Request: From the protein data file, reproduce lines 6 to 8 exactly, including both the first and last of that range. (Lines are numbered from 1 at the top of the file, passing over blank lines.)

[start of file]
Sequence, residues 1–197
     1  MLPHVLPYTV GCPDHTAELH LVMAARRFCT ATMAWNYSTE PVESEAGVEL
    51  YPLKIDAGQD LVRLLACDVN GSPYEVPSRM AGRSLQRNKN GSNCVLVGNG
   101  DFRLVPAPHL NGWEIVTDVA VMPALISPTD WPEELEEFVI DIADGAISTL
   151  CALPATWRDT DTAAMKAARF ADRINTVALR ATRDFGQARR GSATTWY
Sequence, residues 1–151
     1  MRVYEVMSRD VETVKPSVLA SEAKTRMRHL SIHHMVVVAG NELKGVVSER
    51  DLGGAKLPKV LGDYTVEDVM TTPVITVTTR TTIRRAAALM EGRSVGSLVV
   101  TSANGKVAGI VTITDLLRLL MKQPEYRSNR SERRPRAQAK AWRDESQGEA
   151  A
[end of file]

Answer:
Sequence, residues 1–151
     1  MRVYEVMSRD VETVKPSVLA SEAKTRMRHL SIHHMVVVAG NELKGVVSER
    51  DLGGAKLPKV LGDYTVEDVM TTPVITVTTR TTIRRAAALM EGRSVGSLVV